The Creed of the Old South 1865-1915
by Basil L. Gildersleeve
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[Transcriber's note: Greek text has been transliterated.]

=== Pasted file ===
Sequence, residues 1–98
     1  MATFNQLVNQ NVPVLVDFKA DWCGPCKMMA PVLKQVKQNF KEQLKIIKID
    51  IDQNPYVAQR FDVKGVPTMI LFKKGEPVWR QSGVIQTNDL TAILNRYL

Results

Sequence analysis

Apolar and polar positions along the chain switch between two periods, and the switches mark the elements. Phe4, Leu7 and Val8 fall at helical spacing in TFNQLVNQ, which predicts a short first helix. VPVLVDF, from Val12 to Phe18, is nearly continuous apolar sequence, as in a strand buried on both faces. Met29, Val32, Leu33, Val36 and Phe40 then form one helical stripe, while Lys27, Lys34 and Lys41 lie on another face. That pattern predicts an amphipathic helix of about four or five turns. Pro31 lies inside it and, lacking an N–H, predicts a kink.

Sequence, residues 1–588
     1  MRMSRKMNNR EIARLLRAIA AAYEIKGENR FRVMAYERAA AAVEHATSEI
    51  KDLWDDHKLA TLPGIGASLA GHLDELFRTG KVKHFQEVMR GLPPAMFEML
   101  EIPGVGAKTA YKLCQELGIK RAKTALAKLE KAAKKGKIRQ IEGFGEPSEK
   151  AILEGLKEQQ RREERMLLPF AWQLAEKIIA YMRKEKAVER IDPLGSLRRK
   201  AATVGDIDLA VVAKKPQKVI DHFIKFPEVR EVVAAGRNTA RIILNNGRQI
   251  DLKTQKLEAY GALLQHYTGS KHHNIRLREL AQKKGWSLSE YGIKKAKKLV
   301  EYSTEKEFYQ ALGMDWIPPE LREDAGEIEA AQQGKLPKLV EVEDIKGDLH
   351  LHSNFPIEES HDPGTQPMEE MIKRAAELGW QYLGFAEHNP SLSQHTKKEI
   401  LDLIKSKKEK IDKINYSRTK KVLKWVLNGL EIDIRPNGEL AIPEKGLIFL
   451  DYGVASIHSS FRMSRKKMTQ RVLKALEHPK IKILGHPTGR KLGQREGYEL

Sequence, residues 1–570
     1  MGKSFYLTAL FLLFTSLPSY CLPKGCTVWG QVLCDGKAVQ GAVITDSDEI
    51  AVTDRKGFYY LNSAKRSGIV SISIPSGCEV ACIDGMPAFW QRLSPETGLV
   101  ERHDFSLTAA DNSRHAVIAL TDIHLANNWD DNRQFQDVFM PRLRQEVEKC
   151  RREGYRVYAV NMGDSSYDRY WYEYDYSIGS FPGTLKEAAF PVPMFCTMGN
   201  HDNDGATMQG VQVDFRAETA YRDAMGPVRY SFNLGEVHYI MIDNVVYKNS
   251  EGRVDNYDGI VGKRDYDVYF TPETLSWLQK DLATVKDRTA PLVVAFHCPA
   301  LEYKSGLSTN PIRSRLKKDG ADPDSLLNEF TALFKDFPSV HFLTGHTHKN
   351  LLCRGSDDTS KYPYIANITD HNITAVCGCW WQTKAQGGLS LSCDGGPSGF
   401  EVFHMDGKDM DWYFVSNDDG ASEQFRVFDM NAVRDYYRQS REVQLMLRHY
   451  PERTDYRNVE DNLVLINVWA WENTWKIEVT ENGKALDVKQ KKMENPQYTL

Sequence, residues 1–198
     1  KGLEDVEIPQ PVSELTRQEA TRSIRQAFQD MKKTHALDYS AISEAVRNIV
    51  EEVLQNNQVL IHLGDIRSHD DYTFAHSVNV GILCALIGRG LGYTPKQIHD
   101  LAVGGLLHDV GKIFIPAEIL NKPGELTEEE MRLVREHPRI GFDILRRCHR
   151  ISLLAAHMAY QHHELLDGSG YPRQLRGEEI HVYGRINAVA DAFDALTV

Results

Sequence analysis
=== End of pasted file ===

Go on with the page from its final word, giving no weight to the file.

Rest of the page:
In the last score of years I have often been urged by friends and sympathizers to bring out as a separate issue my article, The Creed of the Old South, which appeared in the Atlantic Monthly of January, 1892, and which attracted wider attention than anything I have ever written. As this is the jubilee of the great year 1865, the memories of that distant time come thronging back to the actors in the momentous struggle, and I am prompted to publish in more accessible form my record of views and impressions that may seem strange even to the survivors of the conflict, now rapidly passing away. To this paper I have added an essay on a cognate theme—A Southerner in the Peloponnesian War—which was published in the Atlantic Monthly of September, 1897, and which has been accepted by the eminent historian, Mr. Rhodes, as an historical document. These specimens of what I call my Sargasso work ("Weeds from the Atlantic") are reproduced by the kind permission of the Houghton Mifflin Company. A few slips of pen and type have been corrected, and a few notes out of the mass of literature evoked by the first essay, or akin to it, have been added for the benefit of the third generation.